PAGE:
Likelihood of success – Due process
The court next delved into the first prong of the legal standard for deciding whether to grant the government’s request for a stay of the TRO – whether the government had made a strong showing that it would most likely succeed on the merits.
The states’ primary argument was that the ban was unconstitutional under the Fifth Amendment because the affected people were not provided due process, that is, notice of the deprivation and an opportunity to respond.
The government conceded that the ban did not provide for due process. But it argued it didn’t need to since most or all of the individuals affected by the ban have no rights under the Due Process Clause.
Relying on Supreme Court precedent, the court responded that the protections of the Fifth Amendment’s Due Process Clause are not restricted to citizens.
The Clause applies to “all persons within the United States, including aliens, regardless of whether their presence here is lawful, unlawful, temporary or permanent.” It also applies to some aliens trying to re-enter the U.S. after traveling abroad.
The government, for its part, argued that even if it the states can show they will most likely succeed on some of their due process claims, the district court nonetheless erred by issuing an overly broad TRO which applies across the U.S. instead of being limited to the two states.
The court declined to limit the geographic reach of the TRO, though, noting it would be unworkable to do so given “the nation’s multiple ports of entry and interconnected transit system.”
Likelihood of success – Religious discrimination
The states argued that the ban violated the Establishment and Equal Protection Clauses because it was intended to ban Muslims, citing various statements Trump had made about a “Muslim ban.”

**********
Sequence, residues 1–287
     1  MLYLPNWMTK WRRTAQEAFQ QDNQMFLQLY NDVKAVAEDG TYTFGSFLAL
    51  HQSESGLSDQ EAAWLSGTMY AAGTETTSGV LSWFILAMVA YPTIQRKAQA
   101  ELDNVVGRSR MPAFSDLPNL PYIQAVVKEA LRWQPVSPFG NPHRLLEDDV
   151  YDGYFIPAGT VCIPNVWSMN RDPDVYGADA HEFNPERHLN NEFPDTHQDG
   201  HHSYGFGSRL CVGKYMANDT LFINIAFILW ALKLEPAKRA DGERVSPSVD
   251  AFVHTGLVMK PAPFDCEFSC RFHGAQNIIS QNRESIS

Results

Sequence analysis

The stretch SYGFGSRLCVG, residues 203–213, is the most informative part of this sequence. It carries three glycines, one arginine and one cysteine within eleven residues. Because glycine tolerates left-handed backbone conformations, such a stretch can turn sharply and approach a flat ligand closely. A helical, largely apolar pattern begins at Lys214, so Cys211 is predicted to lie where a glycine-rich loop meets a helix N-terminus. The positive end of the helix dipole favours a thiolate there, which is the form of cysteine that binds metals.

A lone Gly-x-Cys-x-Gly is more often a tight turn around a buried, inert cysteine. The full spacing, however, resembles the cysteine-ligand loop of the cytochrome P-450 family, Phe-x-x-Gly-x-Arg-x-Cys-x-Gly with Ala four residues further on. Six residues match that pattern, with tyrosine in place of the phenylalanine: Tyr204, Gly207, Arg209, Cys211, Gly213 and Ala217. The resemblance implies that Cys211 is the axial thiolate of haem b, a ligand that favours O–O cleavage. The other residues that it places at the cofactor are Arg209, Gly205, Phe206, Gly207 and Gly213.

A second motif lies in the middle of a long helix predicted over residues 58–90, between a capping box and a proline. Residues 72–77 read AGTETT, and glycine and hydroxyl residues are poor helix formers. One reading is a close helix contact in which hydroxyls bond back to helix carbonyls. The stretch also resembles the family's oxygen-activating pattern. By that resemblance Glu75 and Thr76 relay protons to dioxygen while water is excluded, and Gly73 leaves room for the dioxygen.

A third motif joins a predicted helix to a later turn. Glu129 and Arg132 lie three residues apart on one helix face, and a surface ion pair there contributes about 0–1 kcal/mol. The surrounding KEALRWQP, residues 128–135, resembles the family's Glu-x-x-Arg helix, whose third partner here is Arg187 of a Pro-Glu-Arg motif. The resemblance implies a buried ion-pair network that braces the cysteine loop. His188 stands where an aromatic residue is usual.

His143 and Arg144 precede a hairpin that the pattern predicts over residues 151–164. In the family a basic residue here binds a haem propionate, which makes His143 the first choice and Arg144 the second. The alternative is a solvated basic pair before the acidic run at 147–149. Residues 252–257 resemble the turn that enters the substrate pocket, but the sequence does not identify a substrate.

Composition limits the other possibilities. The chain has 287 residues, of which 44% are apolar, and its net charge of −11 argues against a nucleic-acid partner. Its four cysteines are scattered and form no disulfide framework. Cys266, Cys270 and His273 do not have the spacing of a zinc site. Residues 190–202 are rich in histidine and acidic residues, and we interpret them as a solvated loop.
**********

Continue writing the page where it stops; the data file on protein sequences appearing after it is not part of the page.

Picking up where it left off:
The court stated that these claims “raise serious allegations and present significant constitutional questions.” But it declined to analyze them at this procedural juncture, preferring to wait until the appeal was fully briefed.
The winners in this case aren’t just the people who have escaped the effects of the ban.
The rule of law also won.
And attorneys now stand in a more esteemed place because it was attorneys who championed the rule of law by bringing the case in the first place.
This case is a functional example of the checks and balances that undergird our constitutional democracy. The decision issued from the judicial branch’s proper exercise of its role vis-à-vis the executive branch in a tripartite government.
A revised order is expected this week. Meanwhile, the TRO remains in effect.
A case filed in the U.S. District Court for the Western District of Wisconsin last week in many ways mirrors the constitutional issues in the Washington-Minnesota case.
Here, a Syrian Muslim denominated John Doe was granted asylum last year after being imprisoned, tortured and threatened with death in Syria. His wife and daughter are still in hiding in Syria, fearing rape and murder, and he applied for derivative asylum for them.
His information and belief are that the application was being favorably processed through the U.S.’s vetting systems but the processing stopped abruptly on January 27 [ ] when the executive order – with its indefinite travel ban on all Syrian refugees – was signed.
Similar to the Washington-Minnesota case, the man sued Trump and other government departments, lodging a constitutional challenge under the First and Fifth Amendments, as well as a legal challenge under various federal laws.
He asks for a declaration that the order is unconstitutional and for a permanent injunction enjoining the enforcement of the ban.
District Judge William Conley has fast-tracked the case.
Editor’s note: The version of this column that was originally posted was not complete. It has since been updated.